iconoclasts, the United Church of Christ, or Congregationalists.


Whether you like Dean or not, find him earnest or opportunistic, it’s hard to find
fault with this narrative. Yet Foer chalks Dean’s conversion up to a mere matter
of "local politics", and Wallis implies the conflict was over something
inconsequential in the cosmic scheme of things.

To be fair though, I must admit to
being flummoxed, like Wallis, by Dean’s statement that his faith does not inform
his politics. True faith informs the thought process of the faithful. I can only
surmise a knee-jerk reaction, channelling, perhaps, John F. Kennedy as the latter
sought to deflect questions about his religion.


But Kennedy’s Catholicism demanded fealty to an ultimate mortal religious
authority, the pope, a figure suspect at best in Protestant America. Dean’s
denomination descends directly from the church of the New England Puritans who
landed on Plymouth Rock. If he is to address the topic of his religion at all, he
might do well to both remember that, and note it publicly.


Talkin’ about Jesus

So lately the frontrunner has been uttering the Savior’s name. On Christmas,
Sarah Schweitzer of the Boston Globe reported Dean’s first comments
on Jesus, which focused on the earthly ministry, on Jesus as inspirational leader
of people. This sounds authentic; one hopes Dean doesn’t try too hard to give his
critics what they claim he needs to speak in terms of his faith, because such a
tack from Dean promises nothing but disaster. The American people are not as
stupid as the politicians tend to treat them. They know when they’re being
pandered to. (Comments reported by Schweitzer on Sunday gave me a bit more
pause--not because they seem inauthentic, but because Dean went into the
biblical territory of dissing the Pharisees, whose depiction in the New Testament
has been used in the past as one rationale for anti-semitism.)


What Dean should absolutely not do is tell the world the particulars of his
beliefs. Let him invoke Benjamin Franklin, who also declined a public exegesis of his
belief, remarking that he wanted to "leave this world at peace with the sects," according to theologian Martin Marty.

He should appeal to the sense of justice and individualism of the American people,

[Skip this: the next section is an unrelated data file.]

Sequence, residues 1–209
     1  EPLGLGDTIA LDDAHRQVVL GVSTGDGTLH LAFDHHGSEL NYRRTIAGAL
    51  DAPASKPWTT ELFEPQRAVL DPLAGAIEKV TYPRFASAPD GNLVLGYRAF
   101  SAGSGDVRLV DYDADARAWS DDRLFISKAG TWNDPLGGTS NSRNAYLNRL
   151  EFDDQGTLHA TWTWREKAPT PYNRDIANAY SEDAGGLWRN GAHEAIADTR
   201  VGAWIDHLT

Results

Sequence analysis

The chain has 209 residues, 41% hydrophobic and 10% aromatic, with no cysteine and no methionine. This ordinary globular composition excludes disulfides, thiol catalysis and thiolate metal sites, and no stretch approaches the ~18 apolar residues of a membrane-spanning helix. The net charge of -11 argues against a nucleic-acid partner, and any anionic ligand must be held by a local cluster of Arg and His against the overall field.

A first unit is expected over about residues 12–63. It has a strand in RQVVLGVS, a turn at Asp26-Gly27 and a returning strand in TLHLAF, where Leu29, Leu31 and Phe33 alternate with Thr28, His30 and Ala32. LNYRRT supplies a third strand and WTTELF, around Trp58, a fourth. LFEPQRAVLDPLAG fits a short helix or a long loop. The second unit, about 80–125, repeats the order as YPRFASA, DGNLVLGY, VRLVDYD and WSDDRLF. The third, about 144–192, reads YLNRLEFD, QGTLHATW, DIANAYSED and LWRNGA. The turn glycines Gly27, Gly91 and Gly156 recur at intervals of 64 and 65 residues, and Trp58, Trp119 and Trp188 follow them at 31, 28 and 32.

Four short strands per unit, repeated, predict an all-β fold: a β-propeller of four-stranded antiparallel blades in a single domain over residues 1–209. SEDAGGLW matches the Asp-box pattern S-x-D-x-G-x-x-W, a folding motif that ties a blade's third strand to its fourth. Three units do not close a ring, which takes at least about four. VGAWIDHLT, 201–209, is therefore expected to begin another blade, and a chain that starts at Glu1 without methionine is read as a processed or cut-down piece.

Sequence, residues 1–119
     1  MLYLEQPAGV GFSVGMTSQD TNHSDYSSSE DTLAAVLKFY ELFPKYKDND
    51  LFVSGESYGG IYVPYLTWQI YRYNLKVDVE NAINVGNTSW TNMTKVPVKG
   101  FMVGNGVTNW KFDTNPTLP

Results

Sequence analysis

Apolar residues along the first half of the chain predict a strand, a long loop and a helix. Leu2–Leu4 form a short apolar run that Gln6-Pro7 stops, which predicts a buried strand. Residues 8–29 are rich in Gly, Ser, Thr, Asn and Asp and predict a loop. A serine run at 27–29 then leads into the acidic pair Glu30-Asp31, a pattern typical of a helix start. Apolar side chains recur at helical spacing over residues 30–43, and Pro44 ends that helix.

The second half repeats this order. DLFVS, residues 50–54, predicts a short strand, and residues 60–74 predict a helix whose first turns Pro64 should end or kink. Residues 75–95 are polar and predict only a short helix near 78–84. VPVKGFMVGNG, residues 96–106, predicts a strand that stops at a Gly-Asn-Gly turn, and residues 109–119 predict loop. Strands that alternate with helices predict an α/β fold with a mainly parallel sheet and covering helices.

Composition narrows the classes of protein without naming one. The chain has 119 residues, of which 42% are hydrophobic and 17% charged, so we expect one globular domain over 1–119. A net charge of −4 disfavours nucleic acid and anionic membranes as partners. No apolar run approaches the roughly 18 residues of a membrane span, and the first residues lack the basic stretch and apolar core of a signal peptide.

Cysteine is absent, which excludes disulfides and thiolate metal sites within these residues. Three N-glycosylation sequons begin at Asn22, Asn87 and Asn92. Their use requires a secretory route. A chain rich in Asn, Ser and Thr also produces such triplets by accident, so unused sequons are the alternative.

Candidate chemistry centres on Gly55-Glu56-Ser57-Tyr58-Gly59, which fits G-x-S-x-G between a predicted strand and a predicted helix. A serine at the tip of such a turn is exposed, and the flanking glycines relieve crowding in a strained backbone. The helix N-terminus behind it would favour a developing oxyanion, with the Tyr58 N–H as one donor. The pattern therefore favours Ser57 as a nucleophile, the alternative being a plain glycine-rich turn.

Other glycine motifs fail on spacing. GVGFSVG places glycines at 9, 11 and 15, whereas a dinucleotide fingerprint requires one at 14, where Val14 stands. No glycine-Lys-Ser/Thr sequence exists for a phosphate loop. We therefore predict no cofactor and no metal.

simply by telling his audiences that he knows how just and respectful they are,
whether as a result of their faith in God, or in the values upon which this nation
was founded.

When the Democratic Leadership Council (DLC), with its
Southern strategy and vital center, reigned supreme, liberal evangelism became
the means of talking about values. We’re now in a new time. Moderates do not
make for an energized base, which is what the party direly needs right now.
Writing in the American Prospect Online, Michael Tomasky makes urges the DLC
to work with Dean, asking, "Is It Time to Believe?"


By discussing values in terms of America’s founding, and invoking Jefferson on the
subject of faith, Dean could knock down some walls between the churched and
unchurched within the party. But he must remain true to himself, to his own
tradition, and stop fibbing here and there about what he said last year or last
week.



Jonathan Edwards or Ralph Waldo Emerson? DLC or
Deaniacs?


In essence, the flap over Dean’s religion (or alleged lack thereof) is yet another
incarnation of the fight for control of the Democratic Party between Dean’s
insurgents and the Democratic Leadership Council that produced Bill Clinton’s
presidential bid. (Indeed, the crusade against Dean as infidel began at the hands
of another DLC disciple, foundering presidential canidate Senator Joe Lieberman.)
In bringing the party toward the center, the DLC saw the value of evangelical
religious expression. Evangelicals, after all, represented a growing demographic.
Today, the disenfranchised represent an even faster-growing demographic, one that cuts across class, racial and religious lines.


It would be wrong, however, to define this contretemps in such small
terms, for the controversy, such as it is, represents a tension that has existed in
American culture since before the founding of the Republic, as represented by the
cool, Enlightment philosophy of Jefferson, and the fire and brimstone of the Great
Awakenings. Dean’s private sense of religion, his likely ideosyncratic belief system
and his ecumenical journey evoke not only Jefferson, but one of New England’s
later lights, Ralph Waldo Emerson of Concord, Massachusetts.


Yet the evangelical tradition stems, as pointed out in an important piece by Jay
Tolson in U.S. News & World Report, from the first Great Awakening,
the revival fomented by Jonathan Edwards of Northampton, Massachusetts.



Like Dean’s edgy centrism and the DLC’s moderate conservatism, Edwards’
austere ecstaticism and Emerson’s exuberant stoicism stem from the same root.
In the case of Edwards and Emerson, that root was the Congregationalist
Church.


Too much at stake

One more thing--before lobbing around terms like "secular" and "religious", the
Very Smart People who do so should show more care. Far too much is at stake
this time to go on making sport of what is written on the human heart.



-------------------------------------


For more on religion and the presidential candidates, see David Brooks today in the New York Times.

For a sober explanation of anti-Bush anger, see E.J. Dionne in today's Washington Post.

Sphere: Related Content